IRA: I quite enjoy ancient and cultural anthropology, history, and current culture, so a lot of my works and projects are inspired by these themes. As I mentioned, combining the old and the new through subject matter and more modern ways of artmaking or vice versa is one of my favorite things to incorporate in my work. I’m just deeply intrigued by the development of a culture through stories of the past, and the narratives that make our human history, and I base a lot of my work on this. These stories of the past are so closely interwoven into the present that they continue to influence and shape cultures for generations, and I want to make art about it.
Another part of my work is deeply inspired by the more traditional practices of art making. As someone part of a fine arts organization, I was constantly taught traditional painting techniques for still life, portraits, etc. This is another segment of my work that I consider more for my own mastery and learning, but I deeply enjoyed them nonetheless! In university, I was blessed enough to have the best mentor (we call him sifu/shifu) and he was like an art dad to me. Most of the things I know now about art was due to his influence and inspiration, and I trust his judgement more than anything!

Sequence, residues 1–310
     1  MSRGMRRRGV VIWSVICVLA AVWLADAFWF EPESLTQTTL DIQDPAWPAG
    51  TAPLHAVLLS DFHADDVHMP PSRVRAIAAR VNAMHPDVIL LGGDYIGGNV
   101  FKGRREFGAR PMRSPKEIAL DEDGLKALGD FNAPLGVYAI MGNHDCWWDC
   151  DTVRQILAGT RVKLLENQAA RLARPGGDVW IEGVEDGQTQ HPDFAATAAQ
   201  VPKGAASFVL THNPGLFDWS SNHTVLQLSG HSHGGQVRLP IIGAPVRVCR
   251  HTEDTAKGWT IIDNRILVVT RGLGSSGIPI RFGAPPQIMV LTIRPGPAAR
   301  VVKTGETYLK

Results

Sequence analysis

He also inspires me to create the art I want to create, and to use the skills he’s taught me to make them.
Do you have a particularly favorite piece that you’ve done? Which is it and why?
Ira says that she has no favorites—like many “tortured” artists, but she does have a piece in particular that brings a lot of sentimental value.
IRA: This piece was called Kawalang-tinig ng Isang Henerasyon, but I needed it to make sense to my then international audience to say: Lost Voices of a Generation. This was a piece that started out in my Art of Tomorrow class, where I began experimenting with the whole idea of time and history interwoven with more modern techniques of art-making. I decided to create a non-objective piece that incorporated ancient Baybayin script.
I learned the script for the first time and funnily enough, it was almost like I was making a connection between the modern-day filipino and our ancestral past. It was a new kind of experience for me, and learning the script just sort of broke the barrier of all those years of colonization and whitewashing in our Filipino history. This, I assume, is what most people experience when they learn Baybayin for the first time. Many countries in Asia had their own distinct script, and all my life I wondered why we didn’t? Learning it gave me a newfound sense of Filipino identity.
The painting was left in the cubbies of the studio for a whole year until one day, an art curator came by the university to look for alumni work for a gallery show coming up.